• Sat. Apr 1st, 2023


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City in Washington Reaches $7.5 Million Settlement in Fatal Police Shooting

The city of Redmond, Wash., has reached a $7.5 million settlement with the family of a woman who was fatally shot in her apartment building in September 2020 by a police officer who had responded after she called 911 for help.

The City Council in Redmond, a city of about 73,000 people across Lake Washington from Seattle, voted to approve the settlement at a special meeting on Tuesday, according to the Police Department and a lawyer for the victim, Andrea Thomas Churna.

The lawyer, Kim Zak, said that the settlement agreement, which was reached as the family was preparing to file a lawsuit, showed that the Police Department made errors in how it handled Ms. Churna’s call.

Ms. Churna, 39, called 911 from her apartment on the night of Sept. 20, 2020, and told emergency dispatchers that she thought someone was trying to kill her, according to an audio recording provided by Ms. Zak. “She was worried that a stalker was trying to get her because she had had a bad experience with an ex-boyfriend before, and that’s what she was afraid of,” said Ms. Zak.

One of the responding officers saw Ms. Churna scaling a balcony and told the other officers at the scene that she may be having a mental health issue, according to a December 2021 investigation by The Seattle Times. The officer asked Ms. Churna if she had access to a firearm and she said she did and retrieved it, The Times reported.

She was unarmed and lying face down on the floor in the hallway outside her apartment when Officer Daniel Mendoza shot her six times, Ms. Zak said.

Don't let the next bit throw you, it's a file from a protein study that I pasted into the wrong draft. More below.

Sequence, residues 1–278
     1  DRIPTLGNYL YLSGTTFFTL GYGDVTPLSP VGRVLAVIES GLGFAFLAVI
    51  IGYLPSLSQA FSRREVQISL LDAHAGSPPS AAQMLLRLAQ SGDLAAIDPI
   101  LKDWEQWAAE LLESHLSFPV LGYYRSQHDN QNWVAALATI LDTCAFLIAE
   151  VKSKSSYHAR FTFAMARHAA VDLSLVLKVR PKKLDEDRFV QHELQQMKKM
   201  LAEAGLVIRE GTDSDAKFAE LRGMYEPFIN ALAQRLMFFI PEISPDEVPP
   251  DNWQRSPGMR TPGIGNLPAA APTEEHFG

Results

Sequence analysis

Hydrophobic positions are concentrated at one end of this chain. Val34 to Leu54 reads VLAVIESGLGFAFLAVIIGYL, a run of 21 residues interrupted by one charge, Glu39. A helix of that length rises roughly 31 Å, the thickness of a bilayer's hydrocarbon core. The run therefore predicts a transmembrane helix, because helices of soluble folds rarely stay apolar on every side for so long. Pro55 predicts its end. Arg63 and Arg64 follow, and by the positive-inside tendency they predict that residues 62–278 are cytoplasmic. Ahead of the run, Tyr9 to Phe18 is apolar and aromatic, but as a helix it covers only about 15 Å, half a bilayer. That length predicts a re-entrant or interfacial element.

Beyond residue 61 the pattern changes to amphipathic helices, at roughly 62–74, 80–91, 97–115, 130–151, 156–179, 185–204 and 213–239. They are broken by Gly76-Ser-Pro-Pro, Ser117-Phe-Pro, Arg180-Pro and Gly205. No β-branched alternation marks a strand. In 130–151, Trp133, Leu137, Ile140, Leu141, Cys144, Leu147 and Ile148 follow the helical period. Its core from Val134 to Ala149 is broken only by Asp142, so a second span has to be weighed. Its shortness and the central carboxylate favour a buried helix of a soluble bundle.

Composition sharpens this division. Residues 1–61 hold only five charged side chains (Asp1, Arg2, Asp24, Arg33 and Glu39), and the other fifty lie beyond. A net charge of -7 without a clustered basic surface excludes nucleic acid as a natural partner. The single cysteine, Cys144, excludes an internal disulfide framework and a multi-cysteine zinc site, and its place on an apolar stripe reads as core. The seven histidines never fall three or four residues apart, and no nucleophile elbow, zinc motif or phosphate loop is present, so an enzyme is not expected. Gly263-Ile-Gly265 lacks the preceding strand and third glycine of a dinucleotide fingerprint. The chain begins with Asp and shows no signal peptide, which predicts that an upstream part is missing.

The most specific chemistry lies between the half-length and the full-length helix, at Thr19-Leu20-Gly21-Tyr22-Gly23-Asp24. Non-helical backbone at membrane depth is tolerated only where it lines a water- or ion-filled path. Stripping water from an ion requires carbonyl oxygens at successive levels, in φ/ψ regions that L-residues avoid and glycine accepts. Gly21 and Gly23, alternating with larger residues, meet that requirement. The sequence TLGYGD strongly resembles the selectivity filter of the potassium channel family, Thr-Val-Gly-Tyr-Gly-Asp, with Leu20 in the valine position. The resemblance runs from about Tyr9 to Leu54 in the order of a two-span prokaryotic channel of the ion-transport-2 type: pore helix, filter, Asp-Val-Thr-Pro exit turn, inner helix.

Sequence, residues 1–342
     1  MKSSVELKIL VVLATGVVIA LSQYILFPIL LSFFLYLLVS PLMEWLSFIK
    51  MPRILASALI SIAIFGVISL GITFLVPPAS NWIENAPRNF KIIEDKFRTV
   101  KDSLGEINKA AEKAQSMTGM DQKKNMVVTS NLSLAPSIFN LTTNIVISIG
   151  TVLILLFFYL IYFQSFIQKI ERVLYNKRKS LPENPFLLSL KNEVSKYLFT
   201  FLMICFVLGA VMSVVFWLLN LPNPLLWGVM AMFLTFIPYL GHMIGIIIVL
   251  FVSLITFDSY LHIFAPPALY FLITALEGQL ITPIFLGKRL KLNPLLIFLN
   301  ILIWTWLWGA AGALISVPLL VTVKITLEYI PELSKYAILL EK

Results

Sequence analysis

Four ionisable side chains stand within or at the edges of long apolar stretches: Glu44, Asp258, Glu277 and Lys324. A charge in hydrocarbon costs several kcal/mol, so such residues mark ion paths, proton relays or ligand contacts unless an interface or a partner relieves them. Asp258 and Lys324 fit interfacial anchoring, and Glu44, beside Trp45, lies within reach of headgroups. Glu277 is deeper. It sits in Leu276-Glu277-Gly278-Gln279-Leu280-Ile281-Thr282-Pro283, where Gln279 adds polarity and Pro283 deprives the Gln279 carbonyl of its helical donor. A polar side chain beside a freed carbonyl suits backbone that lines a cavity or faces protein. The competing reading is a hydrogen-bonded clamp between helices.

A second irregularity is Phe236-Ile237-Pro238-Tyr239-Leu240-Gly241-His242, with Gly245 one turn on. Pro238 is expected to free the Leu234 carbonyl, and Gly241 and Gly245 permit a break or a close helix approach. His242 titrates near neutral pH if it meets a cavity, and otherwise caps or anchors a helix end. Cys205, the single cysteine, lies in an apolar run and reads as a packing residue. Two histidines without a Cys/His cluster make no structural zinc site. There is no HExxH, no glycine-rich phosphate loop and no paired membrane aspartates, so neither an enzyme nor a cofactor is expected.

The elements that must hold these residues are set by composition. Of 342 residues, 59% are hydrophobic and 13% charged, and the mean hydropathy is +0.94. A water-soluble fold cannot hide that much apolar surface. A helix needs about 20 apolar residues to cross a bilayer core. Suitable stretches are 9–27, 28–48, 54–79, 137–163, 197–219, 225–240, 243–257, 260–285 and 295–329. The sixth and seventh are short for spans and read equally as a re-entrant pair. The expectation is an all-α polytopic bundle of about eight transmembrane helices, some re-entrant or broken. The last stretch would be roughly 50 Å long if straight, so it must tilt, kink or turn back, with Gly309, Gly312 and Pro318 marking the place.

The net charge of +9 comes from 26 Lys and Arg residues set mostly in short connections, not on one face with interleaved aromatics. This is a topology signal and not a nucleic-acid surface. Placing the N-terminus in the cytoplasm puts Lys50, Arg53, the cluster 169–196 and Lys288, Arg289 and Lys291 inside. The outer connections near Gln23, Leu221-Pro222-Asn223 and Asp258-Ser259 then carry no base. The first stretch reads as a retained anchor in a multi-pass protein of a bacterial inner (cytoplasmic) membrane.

Investigators later found Ms. Churna’s handgun on the apartment patio, jammed and inoperable, The Times reported. Officer Mendoza is still employed by the Police Department.

Chief Darrell Lowe of the Redmond police said in a statement on Wednesday that Ms. Churna was unarmed when she was shot and that the police had made an error in the news release issued the day after she was killed. The original statement said that she had “confronted officers with a handgun” and that “multiple shots were fired.”

“While Churna was armed with a handgun earlier in the encounter with Redmond officers, when she was shot and killed in the hallway just outside of her apartment Churna was unarmed,” said Chief Lowe, who apologized to Ms. Churna’s family.

Chief Lowe said he could not provide more details about the department’s own investigation of the shooting until a King County inquest had concluded.

“While no amount of money will bring Ms. Churna back, this settlement closes a painful chapter,” Chief Lowe said. “I again offer my sympathies to Ms. Churna’s family and loved ones. It is a tragedy that this ended with a loss of life.”

The settlement will be divided among Ms. Churna’s estate, her son and her parents, Mike and Maggie Thomas.

Ms. Zak said it had been important to the family that the Police Department correct its initial statement about the case “because she has an 8-year-old son who is going to grow-up.”

“If he types his mother’s name into the internet,” she said, “it’s important that he knows that his mom did not have a gun on her and point it at officers when they shot her.”

The case was referred to the King County Prosecuting Attorney’s Office, which recommended it for an inquest. Ms. Zak said that an inquest could take years to complete and that the family hoped the prosecutor’s office would consider filing criminal charges before then.

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